A carbon graphite shortage means that manufacturers of submersible motors and pumps are switching to alternatives which can replace carbon in bearings.
Johannesburg-based manufacturer of self-lubricating bearings and bushings, Vesconite, has received enquiries about switching from carbon graphite to Vesconite for sleeve and thrust bearings and mechanical seals for submersible motors, as well as for line-shaft bushings and wear rings for submersible pumps.
This follows reports from clients of a global shortage of six grades of carbon graphite, including those impregnated with resin, white metal, bronze and antimony, which are produced by manufacturers as tubes, rods, sheets and finished machined items.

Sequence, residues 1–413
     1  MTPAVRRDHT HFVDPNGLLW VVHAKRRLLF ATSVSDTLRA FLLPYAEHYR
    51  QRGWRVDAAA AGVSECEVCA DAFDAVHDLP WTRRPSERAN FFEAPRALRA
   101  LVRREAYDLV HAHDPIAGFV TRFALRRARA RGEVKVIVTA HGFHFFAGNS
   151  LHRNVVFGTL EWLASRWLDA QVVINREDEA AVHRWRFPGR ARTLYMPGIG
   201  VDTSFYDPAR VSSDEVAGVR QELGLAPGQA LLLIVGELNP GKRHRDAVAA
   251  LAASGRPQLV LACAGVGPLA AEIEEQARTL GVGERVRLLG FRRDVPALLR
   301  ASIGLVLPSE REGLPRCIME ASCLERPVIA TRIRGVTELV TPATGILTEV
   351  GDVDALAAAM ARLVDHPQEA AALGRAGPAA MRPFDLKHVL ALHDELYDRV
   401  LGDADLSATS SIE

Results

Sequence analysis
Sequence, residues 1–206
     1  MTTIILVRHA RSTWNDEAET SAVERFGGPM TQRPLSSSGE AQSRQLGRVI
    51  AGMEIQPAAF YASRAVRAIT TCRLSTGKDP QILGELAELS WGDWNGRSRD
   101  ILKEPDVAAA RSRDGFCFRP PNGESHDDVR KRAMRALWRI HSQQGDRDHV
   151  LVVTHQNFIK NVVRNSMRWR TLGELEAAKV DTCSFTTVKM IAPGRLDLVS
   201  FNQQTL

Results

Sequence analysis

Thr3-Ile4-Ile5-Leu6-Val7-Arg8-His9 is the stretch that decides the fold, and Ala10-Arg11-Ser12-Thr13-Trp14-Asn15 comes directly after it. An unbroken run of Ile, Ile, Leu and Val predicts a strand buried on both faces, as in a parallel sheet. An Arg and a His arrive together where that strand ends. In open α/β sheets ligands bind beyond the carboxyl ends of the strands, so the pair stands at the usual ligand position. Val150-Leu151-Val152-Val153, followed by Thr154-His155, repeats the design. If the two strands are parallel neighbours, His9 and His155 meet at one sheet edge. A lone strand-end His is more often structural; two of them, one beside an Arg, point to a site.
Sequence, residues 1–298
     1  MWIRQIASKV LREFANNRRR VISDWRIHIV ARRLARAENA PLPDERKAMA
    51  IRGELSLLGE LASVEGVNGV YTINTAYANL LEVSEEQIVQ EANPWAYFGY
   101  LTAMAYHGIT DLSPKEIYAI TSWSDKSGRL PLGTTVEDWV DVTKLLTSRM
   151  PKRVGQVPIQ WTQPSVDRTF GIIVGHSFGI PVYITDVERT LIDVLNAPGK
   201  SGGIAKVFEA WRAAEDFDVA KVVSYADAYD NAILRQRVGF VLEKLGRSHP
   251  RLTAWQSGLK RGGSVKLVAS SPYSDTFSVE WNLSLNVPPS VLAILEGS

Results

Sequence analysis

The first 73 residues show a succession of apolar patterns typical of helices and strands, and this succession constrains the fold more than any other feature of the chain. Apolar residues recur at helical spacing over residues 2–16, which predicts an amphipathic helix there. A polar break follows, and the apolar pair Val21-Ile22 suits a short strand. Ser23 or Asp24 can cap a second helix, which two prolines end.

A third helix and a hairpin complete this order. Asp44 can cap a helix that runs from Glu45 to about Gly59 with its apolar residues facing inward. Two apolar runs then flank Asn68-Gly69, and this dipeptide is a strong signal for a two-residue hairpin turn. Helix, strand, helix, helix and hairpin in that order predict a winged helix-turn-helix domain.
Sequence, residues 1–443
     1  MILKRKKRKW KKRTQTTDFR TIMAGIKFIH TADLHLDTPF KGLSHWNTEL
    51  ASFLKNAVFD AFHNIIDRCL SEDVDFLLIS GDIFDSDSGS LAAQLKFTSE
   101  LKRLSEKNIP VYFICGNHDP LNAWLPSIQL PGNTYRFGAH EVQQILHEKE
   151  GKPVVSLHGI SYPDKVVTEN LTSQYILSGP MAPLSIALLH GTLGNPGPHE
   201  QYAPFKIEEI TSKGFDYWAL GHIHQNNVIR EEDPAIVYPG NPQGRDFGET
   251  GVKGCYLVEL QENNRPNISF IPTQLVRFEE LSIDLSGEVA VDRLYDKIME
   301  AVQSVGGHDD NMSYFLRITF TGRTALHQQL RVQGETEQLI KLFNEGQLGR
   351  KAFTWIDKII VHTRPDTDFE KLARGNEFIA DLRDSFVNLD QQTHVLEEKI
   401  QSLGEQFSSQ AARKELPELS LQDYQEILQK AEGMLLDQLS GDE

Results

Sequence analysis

Vesconite is a hard-wearing thermopolymer designed for challenging operating conditions and, the company says, gives up to 10 times the life of traditional bronze or nylon bushings. It has is easier and more economical to machine than carbon graphite. While carbon graphite needs to be produced in a strictly controlled environment, requires lapping and polishing to ensure smoothness, and needs to be glued and baked to adhere to components, Vesconite has no such requirements. In addition, the low coefficient of friction of Vesconite means that the inclusion of Vesconite components in motors and pumps will result in energy savings.